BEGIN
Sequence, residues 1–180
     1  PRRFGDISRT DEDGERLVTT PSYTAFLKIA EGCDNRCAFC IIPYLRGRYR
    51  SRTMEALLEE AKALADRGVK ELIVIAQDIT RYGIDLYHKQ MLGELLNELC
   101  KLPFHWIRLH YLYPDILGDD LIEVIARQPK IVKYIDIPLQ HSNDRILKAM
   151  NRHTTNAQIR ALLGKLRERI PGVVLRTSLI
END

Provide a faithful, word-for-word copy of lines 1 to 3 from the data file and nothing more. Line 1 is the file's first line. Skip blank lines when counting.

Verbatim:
Sequence, residues 1–180
     1  PRRFGDISRT DEDGERLVTT PSYTAFLKIA EGCDNRCAFC IIPYLRGRYR
    51  SRTMEALLEE AKALADRGVK ELIVIAQDIT RYGIDLYHKQ MLGELLNELC